Fast, Fair and Festivals of India Fast, Fair and Festivals of India
Meaning : A row of lights
Celebrated due to : The return of Lord Rama to Ayodhya
Religion : Hindu
In the month of : October - November
Diwali, the festival of lights, comes close on the heels of Dussera (also spelt as Dusshera). In Andhra Pradesh it is called as "Deepavali". The Goddess of Wealth, Lakshmi, is the main deity worshipped. Diwali signifies the advent of joy and happiness and is celebrated for two days. Particularly children await this festival to rejoice with firecrackers, wear new clothes and savour delicious food. The fun and excitement of bursting firecrackers by the young and old alike is unimaginable.
This festival marks the victory of good over evil and brings along with it glowing happiness and the touch of sparklers all around. The actual meaning of Diwali is "row of lights". Diwali is a much-awaited festival for Andhraites, which brings joy and happiness, people exchange gifts, and decorate their houses. Diwali
Factories and shops remain open on Diwali day and Lakshmi Puja is performed in the evenings. It is believed that Goddess Lakshmi graces the shops and houses on this day and showers her blessings and bestows good fortune upon her worshippers. There seems to be a change in the perception of lifestyles of people over the years, they are growing conscious of possessing new acquisitions. They started using candles and electrical lighting instead of traditional earthenware lamps.
Legend Behind The Festival

The legend behind these celebrations goes like this, Narakasura, a monster, ruled the kingdom of Pradyoshapuram. He was a troublemaker to the gods and the pious sages, causing disturbance to their penance and creating havoc during the rituals. To prove his power, Narakasura usurped some territory of Aditi, the king of Suraloka and a relative of Satyabhama, Lord Krishna's wife. He also abducted 16,000 women and imprisoned them in his palace. Vexed with this harassment, the gods led by Indra approached Lord Krishna and pleaded him to protect them from the demon "Narakasura".
Satyabhama was enraged by Narakasura's malevolence towards women and appealed to Krishna to give her golden chance to destroy Narakasura. The legend also says that Narakasura was given a curse that a woman would kill him. Krishna granted Satyabhama a boon to fight with Narakasura.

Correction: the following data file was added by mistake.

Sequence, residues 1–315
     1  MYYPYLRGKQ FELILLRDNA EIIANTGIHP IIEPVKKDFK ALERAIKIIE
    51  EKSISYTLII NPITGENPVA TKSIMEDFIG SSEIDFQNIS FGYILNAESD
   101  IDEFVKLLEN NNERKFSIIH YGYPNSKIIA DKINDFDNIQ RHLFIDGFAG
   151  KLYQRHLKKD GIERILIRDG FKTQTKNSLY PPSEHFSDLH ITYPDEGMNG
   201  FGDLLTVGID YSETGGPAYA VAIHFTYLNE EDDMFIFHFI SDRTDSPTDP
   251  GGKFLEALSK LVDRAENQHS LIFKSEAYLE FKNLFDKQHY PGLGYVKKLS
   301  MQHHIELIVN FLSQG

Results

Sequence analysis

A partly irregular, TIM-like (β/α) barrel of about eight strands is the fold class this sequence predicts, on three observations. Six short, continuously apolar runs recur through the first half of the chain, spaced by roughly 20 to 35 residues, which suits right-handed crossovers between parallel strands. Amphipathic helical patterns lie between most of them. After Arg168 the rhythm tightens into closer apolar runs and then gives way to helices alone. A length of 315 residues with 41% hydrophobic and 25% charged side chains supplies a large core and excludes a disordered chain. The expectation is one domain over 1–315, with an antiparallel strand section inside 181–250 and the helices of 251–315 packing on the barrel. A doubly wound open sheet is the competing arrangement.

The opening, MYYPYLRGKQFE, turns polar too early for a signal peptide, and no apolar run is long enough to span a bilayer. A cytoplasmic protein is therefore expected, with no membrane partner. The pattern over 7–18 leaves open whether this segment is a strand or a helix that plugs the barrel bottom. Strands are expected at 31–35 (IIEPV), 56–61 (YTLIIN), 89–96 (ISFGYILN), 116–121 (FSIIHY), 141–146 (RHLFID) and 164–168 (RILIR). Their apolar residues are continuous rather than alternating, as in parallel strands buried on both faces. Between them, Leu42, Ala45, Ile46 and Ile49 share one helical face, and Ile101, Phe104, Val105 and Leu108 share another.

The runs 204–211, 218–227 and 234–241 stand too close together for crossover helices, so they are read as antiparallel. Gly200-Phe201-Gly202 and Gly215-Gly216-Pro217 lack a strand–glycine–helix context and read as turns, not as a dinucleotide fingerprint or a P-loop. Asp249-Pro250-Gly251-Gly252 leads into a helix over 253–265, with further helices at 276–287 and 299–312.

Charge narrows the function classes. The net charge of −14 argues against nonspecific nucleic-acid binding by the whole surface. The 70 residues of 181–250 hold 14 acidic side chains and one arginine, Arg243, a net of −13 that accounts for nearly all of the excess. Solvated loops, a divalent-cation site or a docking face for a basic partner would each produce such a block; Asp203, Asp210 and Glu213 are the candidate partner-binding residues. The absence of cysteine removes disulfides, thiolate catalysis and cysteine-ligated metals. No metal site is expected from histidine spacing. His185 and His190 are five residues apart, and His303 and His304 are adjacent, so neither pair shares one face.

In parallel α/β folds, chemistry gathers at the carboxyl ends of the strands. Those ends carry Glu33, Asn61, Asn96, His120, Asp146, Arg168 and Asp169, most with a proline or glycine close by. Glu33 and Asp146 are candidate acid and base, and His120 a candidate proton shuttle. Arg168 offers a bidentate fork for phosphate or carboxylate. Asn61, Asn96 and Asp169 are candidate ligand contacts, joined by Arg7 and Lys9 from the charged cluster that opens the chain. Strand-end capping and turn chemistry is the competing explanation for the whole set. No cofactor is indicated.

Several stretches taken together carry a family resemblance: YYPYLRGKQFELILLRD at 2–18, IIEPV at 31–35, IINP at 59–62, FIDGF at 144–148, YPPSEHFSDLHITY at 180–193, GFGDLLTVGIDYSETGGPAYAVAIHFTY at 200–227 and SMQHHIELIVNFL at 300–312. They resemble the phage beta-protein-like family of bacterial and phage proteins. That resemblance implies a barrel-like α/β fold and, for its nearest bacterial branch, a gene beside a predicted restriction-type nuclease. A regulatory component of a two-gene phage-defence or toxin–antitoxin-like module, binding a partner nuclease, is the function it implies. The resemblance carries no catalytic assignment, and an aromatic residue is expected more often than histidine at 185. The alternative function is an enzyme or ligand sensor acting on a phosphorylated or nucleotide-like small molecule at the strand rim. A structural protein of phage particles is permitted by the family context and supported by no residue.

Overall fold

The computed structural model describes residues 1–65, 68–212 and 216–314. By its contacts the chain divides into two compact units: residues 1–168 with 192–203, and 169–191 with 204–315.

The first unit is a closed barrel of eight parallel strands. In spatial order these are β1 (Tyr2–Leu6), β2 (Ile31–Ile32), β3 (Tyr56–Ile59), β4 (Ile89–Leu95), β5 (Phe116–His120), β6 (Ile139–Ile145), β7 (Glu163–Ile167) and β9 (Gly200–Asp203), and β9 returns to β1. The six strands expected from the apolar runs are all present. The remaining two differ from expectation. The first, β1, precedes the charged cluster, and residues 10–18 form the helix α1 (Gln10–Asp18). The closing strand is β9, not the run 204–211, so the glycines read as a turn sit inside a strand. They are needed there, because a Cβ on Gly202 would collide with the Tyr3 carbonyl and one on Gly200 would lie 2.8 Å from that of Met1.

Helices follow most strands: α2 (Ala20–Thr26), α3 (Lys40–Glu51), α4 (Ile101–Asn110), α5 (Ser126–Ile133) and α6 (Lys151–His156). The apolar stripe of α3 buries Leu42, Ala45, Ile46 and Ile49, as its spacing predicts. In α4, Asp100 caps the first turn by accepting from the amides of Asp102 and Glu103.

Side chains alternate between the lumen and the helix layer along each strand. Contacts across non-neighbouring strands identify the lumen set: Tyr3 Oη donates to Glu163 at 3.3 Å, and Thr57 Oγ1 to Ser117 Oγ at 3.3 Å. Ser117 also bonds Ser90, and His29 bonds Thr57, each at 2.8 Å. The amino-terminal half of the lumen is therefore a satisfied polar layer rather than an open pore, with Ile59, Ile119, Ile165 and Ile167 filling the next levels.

Satyabhama entered the battlefield, with Krishna as her charioteer. During the war, Krishna swooned for a while, a preordained divinely act adopted to empower Satyabhama to kill the demon, Narakasura. The imprisoned women were released after Narakasura was beheaded. The killing of Narakasura was a victory of good over evil. It is interesting to note that Bhudevi, mother of the slain Narakasura, declared that his death should not be a day of mourning but an occasion to celebrate and rejoice. Since then, Diwali is celebrated every year on this day with a lot of fun and frolic and by burning of fireworks.
The Festivity

Celebrations on Diwali begin at dawn as early as around three in the morning, the family members are given an oil massage, followed by 'Aarti' and then the children burst crackers to mark the joyous day.
At dusk when darkness unfolds itself, you can see a spectacular illumination of tiny flickering lamps adorning in rows - at homes, buildings and streets. Multicoloured and noisy firecrackers are burst with enthusiasm both by young and old. From simple coloured sparklers, pencils, flowerpots, ground 'Chakras' (wheels), Vishnu Chakras, and rockets to the long 'Ladi' / garland crackers, one has got a wide range to choose from.